tangier—It is Sunday morning, and St. Andrew’s Church on Rue d’Angleterre is nearly full. The Reverend Derek Cordell reads his sermon from a sheet of paper while Nigerian children run rowdily amid the pews. A three-year-old boy rips two pages from a prayer book before his mother snatches it from his hands and uses it to smack his bottom. A little girl in a fuzzy hat grows bored of the corn chips she is eating and dumps them on the church floor. Her brother tramples them into crumbs. The children crawl in and out of so many arms, it is hard to tell whom they belong to, but no one is able to keep them still. Eventually, the mothers shake their heads and laugh, utterly defeated by their own children.
This nineteenth-century church, which features Moorish-style architecture that owes more to its Islamic environs than its Anglican sensibility, hasn’t always been so busy. It was built to minister to Tangier’s British expatriates, who by the 1890s had outgrown the room at the Hôtel Villa de France that was set aside for them. The British community dwindled in the 1950s as Morocco claimed independence and Tangier ceased to be a foreign-controlled “international zone.” Church attendance remained low for forty years. Then the West Africans, fleeing desperate poverty, started arriving in Tangier en route to better lives in Europe. They are here illegally, and most have no permanent place to live, but at least they have a place to pray.
The Africans try their best not to look poor; dressing shabbily reminds the Moroccan police of their status and invites arrest. One woman arrives in a shapely black and gold shift and matching ribbons entwined in her braids. Others wear African-style dresses and head scarves with bold prints and bright colours. The men sport tidy shirts over their muscular frames. Plastic rosaries hang around their necks, and some have ritual scars carved into their cheeks. Many arrive late and clutch cell-phones that ring continuously.
“We Africans are passing through hell in Morocco,” Fred, a parishioner, tells me the next afternoon. Sitting on a stone bench in the churchyard, he and his friend Palace recount similar stories. Both are the eldest sons of large families in Nigeria. Both walked across the Sahara, risking ghastly desert deaths. And both hired the same Moroccan “connection man” to smuggle them across the Strait of Gibraltar to Spain in a Zodiac. The man took their money — a thousand euros each — and vanished.
“We live off of begging,” Palace says. “Only begging. We are not riff-raff.” The best place to beg is outside Tangier’s mosques; Muslims are generous after prayers, especially following the Friday sermon. But while Fred and Palace seek charity from Islam, they come to St. Andrew’s for courage. They know about the bodies that drift ashore when flimsy boats spill. And Fred knows better than anyone that reaching the other shore does not guarantee anything at all. Two years ago, he made it to Spain but couldn’t find work and was deported back to Tangier. “I will do better next time,” he says. “If you believe in God, every impossibility is to be possible. We pray that God should see us through and protect us Christians living on Arab land.”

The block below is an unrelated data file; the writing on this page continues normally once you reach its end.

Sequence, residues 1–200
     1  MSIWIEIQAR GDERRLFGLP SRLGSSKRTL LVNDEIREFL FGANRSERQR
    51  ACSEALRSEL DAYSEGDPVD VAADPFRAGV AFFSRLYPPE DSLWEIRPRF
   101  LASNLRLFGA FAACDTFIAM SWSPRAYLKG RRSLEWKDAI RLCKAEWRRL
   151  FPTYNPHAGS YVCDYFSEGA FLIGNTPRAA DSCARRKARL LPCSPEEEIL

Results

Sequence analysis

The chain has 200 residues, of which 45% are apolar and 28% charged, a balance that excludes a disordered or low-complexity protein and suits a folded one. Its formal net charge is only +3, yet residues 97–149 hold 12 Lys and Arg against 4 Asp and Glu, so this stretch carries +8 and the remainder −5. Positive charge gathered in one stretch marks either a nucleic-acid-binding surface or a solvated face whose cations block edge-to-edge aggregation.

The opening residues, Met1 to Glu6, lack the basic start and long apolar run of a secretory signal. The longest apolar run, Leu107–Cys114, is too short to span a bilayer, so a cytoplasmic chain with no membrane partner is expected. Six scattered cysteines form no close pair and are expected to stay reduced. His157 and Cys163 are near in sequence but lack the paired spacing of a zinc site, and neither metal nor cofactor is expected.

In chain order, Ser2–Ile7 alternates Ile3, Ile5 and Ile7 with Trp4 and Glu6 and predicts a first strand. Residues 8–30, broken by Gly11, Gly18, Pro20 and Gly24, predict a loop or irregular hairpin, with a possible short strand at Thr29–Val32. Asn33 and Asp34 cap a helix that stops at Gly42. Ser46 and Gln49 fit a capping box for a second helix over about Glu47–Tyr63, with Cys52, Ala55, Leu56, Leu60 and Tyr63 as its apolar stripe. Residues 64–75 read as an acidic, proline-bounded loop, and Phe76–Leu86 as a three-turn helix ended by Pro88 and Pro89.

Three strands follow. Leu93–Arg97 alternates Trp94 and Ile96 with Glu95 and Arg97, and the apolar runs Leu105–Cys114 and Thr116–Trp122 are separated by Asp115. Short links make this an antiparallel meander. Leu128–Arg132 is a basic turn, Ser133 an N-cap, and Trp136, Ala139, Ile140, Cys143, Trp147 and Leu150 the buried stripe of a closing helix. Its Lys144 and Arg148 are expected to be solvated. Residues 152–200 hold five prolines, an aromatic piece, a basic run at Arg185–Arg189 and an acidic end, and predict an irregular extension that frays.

Mustapha, the Muslim church guardian, waves me over from across the yard. For over forty years, he has been tending the garden and the gravestones and opening the church door for sightseers. He is the friendly face of St. Andrew’s, but not today. “No Nigerians,” he says, and he is so angry the red baseball cap on his head vibrates and his English becomes sloppy. “Nigerians come Sunday only. You, yes. You every day. Come garden, come sit. Nigerians, no. Come police. Nigerians problem.” He slaps my shoulder a few times as he speaks, as if to say we are in this together, he and I, against these black men. I look over to Palace and Fred. They know what is going on and are already walking toward the gate.
After his sermon, Rev. Cordell proceeds with the Sunday service. The Africans pray with their eyes shut and their hands clasped tight. Few receive communion, but nearly everyone lines up to kneel before the reverend in the sanctuary for a blessing. The mothers gather up their children so he can lay his hands on them, too. Cordell later explains that the Africans often ask him for special blessings, as well as such religious articles as crucifixes, rosaries, and Bibles — something tactile. They seek to touch God.
Cordell, whose unruly eyebrows are the very manifestation of aging male Britishness, admires the Africans’ faith. “All we have is a picture of someone in heaven. The idea that God is intimate with humanity is still strong with the Africans. God is still part of their every day.” And yet, he cannot relate to them. “Their traditions are a thousand miles away from mine,” he says, and their experience too unfamiliar. “Empathy is very difficult.” This is the reverend’s third locum in Tangier. He is officially retired, and seems tired besides, but he volunteered to fill in for another month. He enjoys the solitary drive across Spain to get here.
Cordell walks behind the pews to consecrate the new church organ. Then soft voices join him in a tentative final hymn: the Africans aren’t familiar with the tune, and the reverend is admittedly tone deaf. When the service is over, a handful of English parishioners in attendance chat among the old gravestones in the church garden. The Africans mostly disappear.